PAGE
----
In essence, these are some of the conflicting ideas about the nature of the strongest motivator in human experience. These opposing views are discussed in the section, Three Debates in Chapter 1 of your textbook. These debates represent age-old human disagreements about what “makes the world go round.” These debates often manifest in our individual lives, particularly with respect to the important decisions we have to make at critical moments. When the debate is occurring within ourselves, we call it a dilemma. We all experience one or more of these dilemmas in the course of our lives.
In this assignment, you will choose one of the three debates Miller describes and the conflicting values it represents. Then discuss how that debate represents a dilemma you have experienced, in other words, a debate within yourself. For example, you may have at one point had to decide between money and love. Perhaps on an important occasion, you had to decide whether to follow established rules or disregard the rules and decide your own distinct course of action. Whatever the dilemma, after you describe it, indicate on which side of the argument you eventually came down. The decision you made should tell you something about yourself, specifically what for you is an essential value.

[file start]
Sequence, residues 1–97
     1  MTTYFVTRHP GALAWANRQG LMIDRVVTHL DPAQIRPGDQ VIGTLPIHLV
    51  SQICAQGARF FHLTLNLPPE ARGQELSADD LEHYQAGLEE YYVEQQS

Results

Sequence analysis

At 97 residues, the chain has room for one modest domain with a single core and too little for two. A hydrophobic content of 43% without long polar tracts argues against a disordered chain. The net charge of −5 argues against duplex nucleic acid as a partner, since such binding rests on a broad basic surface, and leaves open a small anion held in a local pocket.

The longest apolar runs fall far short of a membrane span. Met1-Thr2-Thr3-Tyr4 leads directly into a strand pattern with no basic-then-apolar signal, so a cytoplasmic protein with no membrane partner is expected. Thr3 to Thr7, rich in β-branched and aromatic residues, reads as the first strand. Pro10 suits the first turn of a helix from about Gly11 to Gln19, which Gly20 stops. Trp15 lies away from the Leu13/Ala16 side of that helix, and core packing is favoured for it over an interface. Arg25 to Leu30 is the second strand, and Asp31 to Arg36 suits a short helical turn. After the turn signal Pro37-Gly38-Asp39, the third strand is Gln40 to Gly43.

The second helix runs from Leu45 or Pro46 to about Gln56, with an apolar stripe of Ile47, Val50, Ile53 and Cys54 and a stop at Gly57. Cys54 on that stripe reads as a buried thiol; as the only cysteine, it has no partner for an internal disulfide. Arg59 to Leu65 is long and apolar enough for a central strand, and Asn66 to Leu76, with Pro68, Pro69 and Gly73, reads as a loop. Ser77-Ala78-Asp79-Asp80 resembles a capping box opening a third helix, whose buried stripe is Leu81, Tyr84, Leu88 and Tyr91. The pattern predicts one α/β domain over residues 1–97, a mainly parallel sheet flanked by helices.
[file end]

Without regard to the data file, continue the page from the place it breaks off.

So, what does your decision tell you about your “basic self?” What is your core value? Does your decision reveal that deep down you believe that money and nice things are the most important things in life (which makes you a cultural materialist) or that you believe that making decisions for yourself, even at some personal cost is far better than following established rules (which means you believe in individual agency)? Develop this discussion. Can you think of other dilemmas, large or small you resolved the same way? Whatever category you choose to describe yourself, do you know why you believe this? Did you know this about yourself before beginning this assignment?
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